Volatile anesthetics are potent bronchodilators, but the site of action for the dilation is unclear. To determine the site of action of halothane, enflurane, and isoflurane on the peripheral vagal motor pathway, isolated strips of canine trachealis muscle were stimulated before and during exposure to halothane at 0.3, 1.0, 1.7, or 2.4 MAC, enflurane at 1 MAC, or isoflurane at 1 MAC. The sites and methods of stimulation were: 1) postsynaptic nicotinic cholinergic receptors in the intramural parasympathetic ganglia, with 1,1-dimethyl-4-phenyl-piperazinium iodide (DMPP); 2) postganglionic cholinergic nerve fibers, with electrical field stimulation (EFS); and 3) muscarinic cholinergic receptors of the smooth muscle, with acetylcholine (ACh). The concentration-response curve to DMPP was significantly shifted to the right by 0.3 MAC halothane, whereas 0.3 MAC halothane had no significant effect on the concentration-response curves to ACh and EFS. At concentrations >1 MAC of halothane, enflurane, or isoflurane, concentration-response curves to all three stimuli were shifted significantly to the right; i.e., the contractile responses to ACh, EFS, and DMPP were reduced. At all concentrations of halothane the force of contraction was significantly more reduced during stimulation with DMPP than during stimulation with ACh, and at halothane concentrations ≥1.7 MAC the response to EFS was significantly more reduced than that to ACh. We conclude that halothane, enflurane, and isoflurane attenuated airway constriction by several mechanisms, including 1) reduced excitability of the post-synaptic nicotinic receptors of the intramural parasympathetic ganglia and 2) an effect on the smooth muscle and/or on the muscarinic receptors. At higher concentrations of halothane (≥1.7 MAC), post-ganglionic nerve function was also affected.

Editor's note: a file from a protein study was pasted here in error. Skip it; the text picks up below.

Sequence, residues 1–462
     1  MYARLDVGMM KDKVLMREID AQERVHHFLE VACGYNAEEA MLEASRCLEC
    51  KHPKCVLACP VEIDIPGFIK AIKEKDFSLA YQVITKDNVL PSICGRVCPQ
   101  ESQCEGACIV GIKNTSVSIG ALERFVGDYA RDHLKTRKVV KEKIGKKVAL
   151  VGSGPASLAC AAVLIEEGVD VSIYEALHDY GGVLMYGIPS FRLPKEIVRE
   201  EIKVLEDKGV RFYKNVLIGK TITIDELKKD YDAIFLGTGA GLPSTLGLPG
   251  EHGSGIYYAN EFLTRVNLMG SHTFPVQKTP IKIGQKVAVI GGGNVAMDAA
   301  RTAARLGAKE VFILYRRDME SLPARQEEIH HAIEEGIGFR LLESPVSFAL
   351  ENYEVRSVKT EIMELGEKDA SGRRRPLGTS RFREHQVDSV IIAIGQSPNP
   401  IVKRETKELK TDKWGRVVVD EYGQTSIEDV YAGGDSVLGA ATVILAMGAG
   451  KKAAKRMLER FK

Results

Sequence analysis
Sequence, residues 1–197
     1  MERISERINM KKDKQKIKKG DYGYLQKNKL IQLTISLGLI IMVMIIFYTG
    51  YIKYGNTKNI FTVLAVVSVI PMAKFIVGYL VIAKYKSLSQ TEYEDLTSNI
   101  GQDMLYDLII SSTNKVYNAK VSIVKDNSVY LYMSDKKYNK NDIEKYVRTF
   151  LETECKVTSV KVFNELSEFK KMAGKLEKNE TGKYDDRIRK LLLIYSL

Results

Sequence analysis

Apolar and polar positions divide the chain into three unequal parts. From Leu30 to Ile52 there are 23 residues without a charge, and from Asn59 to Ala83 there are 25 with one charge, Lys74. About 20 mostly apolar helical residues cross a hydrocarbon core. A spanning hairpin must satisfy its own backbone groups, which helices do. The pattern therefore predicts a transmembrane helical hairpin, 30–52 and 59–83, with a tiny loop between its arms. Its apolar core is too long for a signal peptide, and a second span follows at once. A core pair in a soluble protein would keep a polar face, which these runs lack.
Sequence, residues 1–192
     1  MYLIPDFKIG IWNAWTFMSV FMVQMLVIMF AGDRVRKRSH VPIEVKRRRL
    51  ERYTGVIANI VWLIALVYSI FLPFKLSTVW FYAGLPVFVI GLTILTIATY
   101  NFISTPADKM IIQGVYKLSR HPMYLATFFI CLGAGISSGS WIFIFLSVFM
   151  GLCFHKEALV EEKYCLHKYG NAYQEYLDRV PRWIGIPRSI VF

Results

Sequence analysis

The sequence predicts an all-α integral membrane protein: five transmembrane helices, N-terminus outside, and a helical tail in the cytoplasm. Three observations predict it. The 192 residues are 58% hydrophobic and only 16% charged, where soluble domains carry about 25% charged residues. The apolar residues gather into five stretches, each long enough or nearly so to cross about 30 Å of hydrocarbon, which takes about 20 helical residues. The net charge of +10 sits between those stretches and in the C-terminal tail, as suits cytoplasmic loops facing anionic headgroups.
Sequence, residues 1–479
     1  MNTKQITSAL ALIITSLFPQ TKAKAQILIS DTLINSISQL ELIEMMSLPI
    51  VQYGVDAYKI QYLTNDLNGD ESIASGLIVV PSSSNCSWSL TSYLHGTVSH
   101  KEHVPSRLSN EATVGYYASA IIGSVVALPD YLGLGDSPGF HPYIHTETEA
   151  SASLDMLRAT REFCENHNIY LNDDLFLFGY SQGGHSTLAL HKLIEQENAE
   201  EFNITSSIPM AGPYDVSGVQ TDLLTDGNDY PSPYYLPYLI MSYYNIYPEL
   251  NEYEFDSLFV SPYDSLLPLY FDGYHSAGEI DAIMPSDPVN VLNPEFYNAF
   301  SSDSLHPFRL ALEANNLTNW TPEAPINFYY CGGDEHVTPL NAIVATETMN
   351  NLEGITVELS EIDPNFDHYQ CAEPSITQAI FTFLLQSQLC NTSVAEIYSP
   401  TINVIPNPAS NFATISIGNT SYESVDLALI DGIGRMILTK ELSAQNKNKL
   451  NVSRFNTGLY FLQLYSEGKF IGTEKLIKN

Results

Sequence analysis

- Anesthetics, volatile: halothane; enflurane; isoflurane
- Nerve, vagus: smooth muscle contraction
- Parasympathetic nervous system: acetylcholine; intramural parasympathetic ganglia; electrical field stimulation; postganglionic fiber
ASJC Scopus subject areas
- Anesthesiology and Pain Medicine